Who Does show up when you do? The question sounds obvious and somewhat provocative, but I think it has many layers to it. I have noticed that often in times of stress, the 9 year-old me enters the room, when the 60-something me, who is so much more mature, should be taking her place!
When we are young, we don’t have the language or sensitivity to explain our feelings. If we feel hurt, we react! If we are angry, we react! If we are scared…well, you know, we react! That is how we “show up” in an upsetting situation. The behavior may look like a tantrum, or acting like a 2 year-old. A toddler doesn’t have the language to explain their hurt, anger or fear. And we expect nothing more from them. But as adults, we do have knowledge of our language, can use it to express our feelings and have the ability to take the time to consider the outcome of our reactions, and the consequences.
Recognizing that thinking and speaking as a child holds me back, I wanted to approach things like an adult, but admittedly, there are times when old hurts, old reactions and old behaviors enter the situation. It is at those times, when I am most vulnerable, that the 9 year-old me shows up! How to push the 9 year-old Ellyn to the side, out of the frame of the picture, was my challenge, and I brought it to my daughter. Emily is a Leadership and Career Coach, and she trains other coaches, as well.
Lamenting that I was frustrated with a particular situation, Emily pointed out to me that we had discussed that very same subject many times before, and that I hadn’t made any changes in my perspective, regardless of how many times I wanted to do so. Like the adage, “if you keep doing what you are doing, you will keep getting what you are getting.” In order to feel differently, I would actually have to see things differently. I believed this was within my power, but I needed help to achieve it!
Emily introduced me to Robbi, a Life Coach, who reinforced that looking at things in a new (for me) way, changing my lens, was more than possible! The process would include recognizing who I am, my qualities and my essence; that by “looking at me being me” would help me reach my goals, and could open an incredible new world for me…and I loved that! She pointed out that since I come from a loving and caring place, I can trust that my behavior will always be, at it core, loving and caring. That helped me feel less of a need to “examine” everything I did. I was certain I wasn’t intentionally hurting anybody by my actions. And that any changes I wanted to make were to enhance my world, and would never be negative towards others. The energy that gave me was positive, powerful and quite radiant! My desire is to use that new-found energy to create so much more than I ever thought possible, and it is so exciting to look ahead to what I can achieve. I am flexing new muscles, and not my biceps or glutes. These are the muscles of recognizing that like me, others can change the lens through which they are looking, that I don’t have to react with old emotions such as guilt or panic, and that anxiety may actually be a bell that rings to tell me something new is happening, and even if I have to buckle my seatbelt, it may be fine!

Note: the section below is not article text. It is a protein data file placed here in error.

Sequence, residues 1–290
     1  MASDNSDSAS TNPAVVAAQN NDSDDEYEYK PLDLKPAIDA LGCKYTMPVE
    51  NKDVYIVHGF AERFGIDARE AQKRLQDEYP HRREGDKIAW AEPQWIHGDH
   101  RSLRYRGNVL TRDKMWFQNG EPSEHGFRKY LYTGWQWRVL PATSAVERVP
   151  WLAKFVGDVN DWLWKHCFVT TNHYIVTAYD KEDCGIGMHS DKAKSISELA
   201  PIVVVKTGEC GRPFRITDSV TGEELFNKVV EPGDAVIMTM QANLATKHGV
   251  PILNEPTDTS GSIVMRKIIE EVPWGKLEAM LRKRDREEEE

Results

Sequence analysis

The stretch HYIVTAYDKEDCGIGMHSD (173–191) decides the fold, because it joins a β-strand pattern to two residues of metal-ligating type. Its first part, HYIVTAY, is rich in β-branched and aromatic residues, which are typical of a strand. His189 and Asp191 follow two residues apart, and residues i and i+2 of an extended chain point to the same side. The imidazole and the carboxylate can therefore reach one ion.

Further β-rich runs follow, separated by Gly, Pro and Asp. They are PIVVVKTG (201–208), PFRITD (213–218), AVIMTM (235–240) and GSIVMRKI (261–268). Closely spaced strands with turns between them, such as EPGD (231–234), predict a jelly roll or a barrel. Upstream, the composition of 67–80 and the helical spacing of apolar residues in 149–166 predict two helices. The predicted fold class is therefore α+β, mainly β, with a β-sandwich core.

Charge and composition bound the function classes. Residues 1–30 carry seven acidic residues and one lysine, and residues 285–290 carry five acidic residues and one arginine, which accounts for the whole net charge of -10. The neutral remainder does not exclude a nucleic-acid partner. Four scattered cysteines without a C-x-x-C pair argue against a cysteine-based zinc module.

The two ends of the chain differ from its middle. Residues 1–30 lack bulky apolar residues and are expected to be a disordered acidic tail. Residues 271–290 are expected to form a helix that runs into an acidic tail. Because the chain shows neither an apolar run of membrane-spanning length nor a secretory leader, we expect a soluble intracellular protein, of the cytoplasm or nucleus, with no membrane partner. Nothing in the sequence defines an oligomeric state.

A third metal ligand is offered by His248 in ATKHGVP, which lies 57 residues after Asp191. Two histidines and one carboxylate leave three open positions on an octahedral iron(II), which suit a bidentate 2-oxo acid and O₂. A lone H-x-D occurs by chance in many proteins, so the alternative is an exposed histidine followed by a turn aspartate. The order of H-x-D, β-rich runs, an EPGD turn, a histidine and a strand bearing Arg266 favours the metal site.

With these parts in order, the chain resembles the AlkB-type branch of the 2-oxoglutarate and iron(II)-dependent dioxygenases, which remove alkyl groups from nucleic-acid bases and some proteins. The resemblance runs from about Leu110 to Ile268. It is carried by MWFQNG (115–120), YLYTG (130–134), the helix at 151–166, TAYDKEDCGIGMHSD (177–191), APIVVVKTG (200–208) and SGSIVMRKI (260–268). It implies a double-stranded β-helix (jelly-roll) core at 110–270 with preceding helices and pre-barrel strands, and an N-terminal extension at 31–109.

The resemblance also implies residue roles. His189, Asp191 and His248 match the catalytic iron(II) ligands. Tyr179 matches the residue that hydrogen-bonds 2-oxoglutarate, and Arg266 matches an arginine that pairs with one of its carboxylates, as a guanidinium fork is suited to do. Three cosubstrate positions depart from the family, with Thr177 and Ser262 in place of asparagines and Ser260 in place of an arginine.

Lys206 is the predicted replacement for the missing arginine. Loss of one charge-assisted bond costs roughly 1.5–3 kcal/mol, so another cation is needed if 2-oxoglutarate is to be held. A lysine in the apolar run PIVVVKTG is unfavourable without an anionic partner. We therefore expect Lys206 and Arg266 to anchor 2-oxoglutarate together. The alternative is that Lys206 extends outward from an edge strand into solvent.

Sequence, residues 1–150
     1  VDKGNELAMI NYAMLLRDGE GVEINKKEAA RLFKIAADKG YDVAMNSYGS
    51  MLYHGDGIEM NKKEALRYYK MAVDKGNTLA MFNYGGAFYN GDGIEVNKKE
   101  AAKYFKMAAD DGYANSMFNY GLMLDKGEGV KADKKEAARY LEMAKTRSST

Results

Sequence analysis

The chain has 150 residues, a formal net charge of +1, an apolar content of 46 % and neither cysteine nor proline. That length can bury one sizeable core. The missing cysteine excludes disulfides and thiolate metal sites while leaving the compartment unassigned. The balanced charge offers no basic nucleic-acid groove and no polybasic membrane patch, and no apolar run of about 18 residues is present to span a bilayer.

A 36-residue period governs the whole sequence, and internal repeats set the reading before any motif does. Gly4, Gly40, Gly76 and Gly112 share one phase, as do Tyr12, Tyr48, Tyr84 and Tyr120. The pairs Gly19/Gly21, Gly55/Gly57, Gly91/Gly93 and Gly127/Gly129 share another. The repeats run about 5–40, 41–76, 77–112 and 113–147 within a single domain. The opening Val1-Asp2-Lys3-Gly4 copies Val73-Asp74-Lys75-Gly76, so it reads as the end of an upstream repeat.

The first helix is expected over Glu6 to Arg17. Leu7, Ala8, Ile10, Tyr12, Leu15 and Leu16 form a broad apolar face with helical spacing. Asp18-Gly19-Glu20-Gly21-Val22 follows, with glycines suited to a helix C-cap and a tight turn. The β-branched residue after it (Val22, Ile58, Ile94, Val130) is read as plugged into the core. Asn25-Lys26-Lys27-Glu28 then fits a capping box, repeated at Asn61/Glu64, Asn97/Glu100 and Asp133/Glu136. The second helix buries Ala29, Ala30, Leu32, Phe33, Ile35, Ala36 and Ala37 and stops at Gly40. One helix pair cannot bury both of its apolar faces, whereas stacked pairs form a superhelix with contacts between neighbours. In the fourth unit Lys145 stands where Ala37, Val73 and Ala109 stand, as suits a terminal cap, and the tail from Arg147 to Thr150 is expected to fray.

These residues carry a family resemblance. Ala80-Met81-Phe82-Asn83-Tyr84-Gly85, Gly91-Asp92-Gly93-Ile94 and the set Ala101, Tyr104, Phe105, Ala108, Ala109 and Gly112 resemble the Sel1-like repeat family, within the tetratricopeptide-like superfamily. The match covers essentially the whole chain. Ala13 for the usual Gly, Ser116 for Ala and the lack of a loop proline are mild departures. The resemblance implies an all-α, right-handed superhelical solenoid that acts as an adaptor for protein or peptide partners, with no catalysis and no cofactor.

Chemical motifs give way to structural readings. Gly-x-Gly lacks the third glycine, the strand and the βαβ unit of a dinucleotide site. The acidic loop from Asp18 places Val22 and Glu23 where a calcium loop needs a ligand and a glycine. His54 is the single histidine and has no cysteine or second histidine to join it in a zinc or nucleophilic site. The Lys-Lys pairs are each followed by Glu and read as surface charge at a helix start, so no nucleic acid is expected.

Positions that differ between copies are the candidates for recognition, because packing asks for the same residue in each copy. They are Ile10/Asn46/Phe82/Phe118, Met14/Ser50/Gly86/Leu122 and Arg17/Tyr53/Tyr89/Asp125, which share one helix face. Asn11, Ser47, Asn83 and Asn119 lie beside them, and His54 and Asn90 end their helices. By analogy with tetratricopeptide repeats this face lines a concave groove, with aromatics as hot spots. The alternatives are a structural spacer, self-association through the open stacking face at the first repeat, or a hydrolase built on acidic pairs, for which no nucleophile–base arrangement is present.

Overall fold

The freedom to accomplish so much is incredibly empowering! It feels as if there is little I cannot do. Most importantly, the 9 year-old Ellyn is happy she can finally remain “forever young,” and that I don’t feel so vulnerable that I need her protection. She is no longer associated with my negative or childish behavior. I now visualize her on the sidelines watching the adult me take charge of my life, stay in the moment, set my goals and tick them off as they are achieved. Strongly I hear her voice cheering for me…stating it is never too late to grow, never too late to achieve that which fulfills me, and never too late to reach out to those who can help me recognize that growing older may actually be accompanied by growing wiser!